The movie is at its most entertaining when the two go to work together. The scene with LaSardo (great actor) is pure gold and when they shoot the jogging politician from far away, it is also slightly special. Another funny comment by Léon is the "hurry or he will never shut up" after they run into gunshots. An emotional highlight is Mathilda's attempted suicide. She asks him what she is to him. He says nothing, yet contradicts himself by pulling the gun away in time. Almost a bit of a spoiler scene is when Léon tells Aiello's character to give Mathilda the money if something happens to him. One of the most intense scenes is when Stansfield and Mathilda meet in the bathroom. Edge-of-the-seat stuff and it shows that Stansfield is really scared of nothing, not even killing a girl in police headquarters. The possibly most beautiful camera shot of the film is when we see Léon and Mathilda reunited at one point and the camera shows us their feet. The last half hour is almost exclusively action sequences. I enjoyed these despite generally not being a great action movie fan. Maybe the reason is because you made such a strong connection to the two protagonists at this point already. Oldman's way of handling the final act says a lot about him as well. He stays outside of the action to not put his own life in danger, but is a coward who prefers to shoot his victims in the back. When Léon hits the ground, it is a pretty sad moment (just like the farewell scene a couple minutes earlier) as we see it from his perspective. The film ends with Mathilda deciding to go back to school and a beautiful Sting song before the credits roll in.
Wonderful movie, over 2 hours very much worth watching.
The end of the Black Pearl? The end of Jack Sparrow?
"Dead Man's Chest" is the second entry in the "Pirates of the Caribbean" franchise,directed just like 1 and 3 by Gore Verbinski and Elliott and Rosso are back as writers too. I felt that in this movie, Jack Sparrow was not the central character, but Orlando Bloom's was. Which hurt the movie a lot as Bloom still needs to convince me as a dramatic actor and he did not even pull off the hero part here in a way that i liked it. But don't worry. Knightley is a lot in as well, mostly as female pirate this time and Johnny Depp gets lots of screen time again as well and was maybe the best thing about the film. Sparrow and Swann get even more sexual tension than in the first movie where there was only the island scene. Here at some point you could maybe even wonder for a moment if they become a couple. The film has a father-son storyline (Skarsgård, Bloom) and the main antagonist, the scary octopus pirate Davy Jones is played by Bill Nighy. He was really good, though not as good as Rush in the first movie. But at the end it is revealed that Rush and Nighy will be in part 3, which makes me really curious.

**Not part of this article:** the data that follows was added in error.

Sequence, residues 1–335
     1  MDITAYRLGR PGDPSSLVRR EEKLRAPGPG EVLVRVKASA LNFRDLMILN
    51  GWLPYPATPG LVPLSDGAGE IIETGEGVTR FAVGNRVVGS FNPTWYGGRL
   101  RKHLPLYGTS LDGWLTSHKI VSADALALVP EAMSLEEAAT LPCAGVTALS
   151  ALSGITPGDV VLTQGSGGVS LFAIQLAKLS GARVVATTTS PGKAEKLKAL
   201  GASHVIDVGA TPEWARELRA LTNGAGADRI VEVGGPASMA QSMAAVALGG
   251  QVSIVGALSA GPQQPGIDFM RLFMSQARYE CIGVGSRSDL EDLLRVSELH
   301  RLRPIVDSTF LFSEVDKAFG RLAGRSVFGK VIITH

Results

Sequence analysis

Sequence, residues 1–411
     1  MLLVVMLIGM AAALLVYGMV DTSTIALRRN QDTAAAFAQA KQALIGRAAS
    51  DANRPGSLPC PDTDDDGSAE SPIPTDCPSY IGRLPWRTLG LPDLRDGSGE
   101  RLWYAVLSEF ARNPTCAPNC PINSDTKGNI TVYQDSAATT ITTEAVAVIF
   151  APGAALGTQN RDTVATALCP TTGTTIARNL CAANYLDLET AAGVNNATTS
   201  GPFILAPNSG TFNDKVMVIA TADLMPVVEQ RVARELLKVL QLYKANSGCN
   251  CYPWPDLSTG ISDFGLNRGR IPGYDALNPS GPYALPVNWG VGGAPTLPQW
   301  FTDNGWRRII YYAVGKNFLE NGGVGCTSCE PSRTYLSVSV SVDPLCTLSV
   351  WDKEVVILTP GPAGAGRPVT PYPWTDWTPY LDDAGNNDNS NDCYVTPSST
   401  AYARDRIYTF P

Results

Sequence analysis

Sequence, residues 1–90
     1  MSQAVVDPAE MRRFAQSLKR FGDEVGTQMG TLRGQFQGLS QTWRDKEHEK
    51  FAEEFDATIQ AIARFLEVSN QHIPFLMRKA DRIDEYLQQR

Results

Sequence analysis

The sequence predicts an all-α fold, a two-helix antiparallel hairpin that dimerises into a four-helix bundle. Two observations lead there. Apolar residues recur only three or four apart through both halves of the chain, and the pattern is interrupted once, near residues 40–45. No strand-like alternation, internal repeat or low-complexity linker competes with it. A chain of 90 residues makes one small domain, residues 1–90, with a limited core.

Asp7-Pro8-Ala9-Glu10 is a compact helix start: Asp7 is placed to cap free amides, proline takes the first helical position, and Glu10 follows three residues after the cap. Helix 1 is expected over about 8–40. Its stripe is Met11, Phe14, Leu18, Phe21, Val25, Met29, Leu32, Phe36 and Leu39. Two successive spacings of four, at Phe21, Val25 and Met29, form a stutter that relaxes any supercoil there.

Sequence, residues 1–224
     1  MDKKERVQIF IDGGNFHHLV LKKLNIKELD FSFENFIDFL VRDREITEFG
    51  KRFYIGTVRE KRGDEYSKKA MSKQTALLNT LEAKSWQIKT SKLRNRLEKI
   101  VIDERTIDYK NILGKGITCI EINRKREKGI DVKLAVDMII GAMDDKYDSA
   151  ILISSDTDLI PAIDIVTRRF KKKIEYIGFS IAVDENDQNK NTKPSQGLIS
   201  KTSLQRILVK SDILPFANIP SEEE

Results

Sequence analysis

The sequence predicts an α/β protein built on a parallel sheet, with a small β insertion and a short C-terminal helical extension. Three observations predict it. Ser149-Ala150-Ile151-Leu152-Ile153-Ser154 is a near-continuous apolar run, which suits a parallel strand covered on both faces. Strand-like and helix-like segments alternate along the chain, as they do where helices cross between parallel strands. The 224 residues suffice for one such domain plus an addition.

Apart from that, the story was slightly weaker than in the first movie, the visual side was equally strong and even won an Academy Award this time, maybe mostly thanks to the spectacular final kraken fight scene. How did one single shot from Sparrow's gun manage to chase the kraken away though for a moment? The black-spots-on-the-hand plot did not really do much for me, so I could have done without it unless it is really elaborated in the next film. The topic is a very traditional one in terms of pirate stories: the hunt for a key and a treasure chest. Some animals are included, a parrot, a small monkey and also a dog very brief. All in all, it is a family movie, maybe not for the very small ones, but the few violent scenes are not particularly graphic or are over very quickly. The commodore, or I should say ex-commodore, played by Jack Davenport is back too, but I have to say unlike the first film he did not do really much for me in this one. There's some human enemies trying to hang the protagonists (for helping Jack Sparrow) escape at the start of the film, but in terms of enemies it is really all about Davy Jones here. Great character and I loved his immediate black up in anger when he sees the chest is empty.
Sparrow himself was a bit of an anti-hero again. His return to the ship is displayed as heroic. But he gets punished hard for it. However, there was a reference early on how he kept calling himself Captain even when he had no ship, so he was probably obliged to return as a real captain would and his honor told him to. As a whole, this is a decent film, slightly worse than the original maybe, but not by much. Here and there they could have cut a scene and kept it closer to 2 hours without hurting the overall outcome, but even this way I still recommend it.